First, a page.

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Millennium: 1st millennium
343 in various calendars
Gregorian calendar 343
Ab urbe condita 1096
Assyrian calendar 5093
Balinese saka calendar 264–265
Bengali calendar −250
Berber calendar 1293
Buddhist calendar 887
Burmese calendar −295
Byzantine calendar 5851–5852
Chinese calendar 壬寅(Water Tiger)
3039 or 2979
    — to —
癸卯年 (Water Rabbit)
3040 or 2980
Coptic calendar 59–60
Discordian calendar 1509
Ethiopian calendar 335–336
Hebrew calendar 4103–4104
Hindu calendars
 - Vikram Samvat 399–400
 - Shaka Samvat 264–265
 - Kali Yuga 3443–3444
Holocene calendar 10343
Iranian calendar 279 BP – 278 BP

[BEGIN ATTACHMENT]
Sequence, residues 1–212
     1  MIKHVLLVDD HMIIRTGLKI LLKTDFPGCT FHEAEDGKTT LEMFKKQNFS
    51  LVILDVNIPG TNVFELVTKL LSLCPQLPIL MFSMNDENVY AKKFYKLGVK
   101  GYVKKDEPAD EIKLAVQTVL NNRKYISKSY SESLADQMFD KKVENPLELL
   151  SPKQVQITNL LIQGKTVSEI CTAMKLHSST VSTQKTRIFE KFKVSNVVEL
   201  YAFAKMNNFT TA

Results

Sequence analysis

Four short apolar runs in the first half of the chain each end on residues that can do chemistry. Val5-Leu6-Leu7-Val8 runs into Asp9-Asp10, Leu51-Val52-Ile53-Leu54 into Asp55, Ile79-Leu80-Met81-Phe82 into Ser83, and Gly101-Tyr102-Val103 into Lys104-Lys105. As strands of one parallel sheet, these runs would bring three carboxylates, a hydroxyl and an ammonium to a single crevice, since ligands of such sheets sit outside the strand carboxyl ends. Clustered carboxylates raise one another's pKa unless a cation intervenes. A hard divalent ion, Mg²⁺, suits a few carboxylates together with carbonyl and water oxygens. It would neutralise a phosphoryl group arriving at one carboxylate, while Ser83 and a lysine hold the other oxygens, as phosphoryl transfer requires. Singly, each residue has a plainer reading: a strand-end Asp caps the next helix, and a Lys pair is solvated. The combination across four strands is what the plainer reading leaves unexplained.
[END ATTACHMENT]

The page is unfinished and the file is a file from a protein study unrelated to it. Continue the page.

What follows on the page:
Islamic calendar 288 BH – 287 BH
Javanese calendar 224–225
Julian calendar 343
Korean calendar 2676
Minguo calendar 1569 before ROC
Nanakshahi calendar −1125
Seleucid era 654/655 AG
Thai solar calendar 885–886
Tibetan calendar 阳水虎年
(male Water-Tiger)
469 or 88 or −684
    — to —
(female Water-Rabbit)
470 or 89 or −683

Year 343 (CCCXLIII) was a common year starting on Saturday (link will display the full calendar) of the Julian calendar. At the time, it was known as the Year of the Consulship of Memmius and Romulus (or, less frequently, year 1096 Ab urbe condita). The denomination 343 for this year has been used since the early medieval period, when the Anno Domini calendar era became the prevalent method in Europe for naming years.


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  • Pope Julius I tries to unite the Western bishops against Arianism by convoking the Council of Sardica (later Sofia), which acknowledges the pope's supreme authority and grants him the right to judge cases involving the legal possession of episcopal sees, but only Western and Egyptian bishops attend, and Arianism remains strong.